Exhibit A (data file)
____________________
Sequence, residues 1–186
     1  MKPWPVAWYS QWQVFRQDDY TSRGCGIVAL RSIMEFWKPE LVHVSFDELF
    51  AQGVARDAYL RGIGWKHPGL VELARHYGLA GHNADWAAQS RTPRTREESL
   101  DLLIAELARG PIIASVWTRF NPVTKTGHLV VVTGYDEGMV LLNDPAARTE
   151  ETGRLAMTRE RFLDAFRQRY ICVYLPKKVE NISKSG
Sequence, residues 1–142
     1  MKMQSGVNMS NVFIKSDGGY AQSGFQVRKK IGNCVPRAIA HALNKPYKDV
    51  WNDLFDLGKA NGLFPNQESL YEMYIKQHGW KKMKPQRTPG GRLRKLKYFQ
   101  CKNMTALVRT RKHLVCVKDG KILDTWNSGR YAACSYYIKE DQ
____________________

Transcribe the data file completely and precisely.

Sequence, residues 1–186
     1  MKPWPVAWYS QWQVFRQDDY TSRGCGIVAL RSIMEFWKPE LVHVSFDELF
    51  AQGVARDAYL RGIGWKHPGL VELARHYGLA GHNADWAAQS RTPRTREESL
   101  DLLIAELARG PIIASVWTRF NPVTKTGHLV VVTGYDEGMV LLNDPAARTE
   151  ETGRLAMTRE RFLDAFRQRY ICVYLPKKVE NISKSG
Sequence, residues 1–142
     1  MKMQSGVNMS NVFIKSDGGY AQSGFQVRKK IGNCVPRAIA HALNKPYKDV
    51  WNDLFDLGKA NGLFPNQESL YEMYIKQHGW KKMKPQRTPG GRLRKLKYFQ
   101  CKNMTALVRT RKHLVCVKDG KILDTWNSGR YAACSYYIKE DQ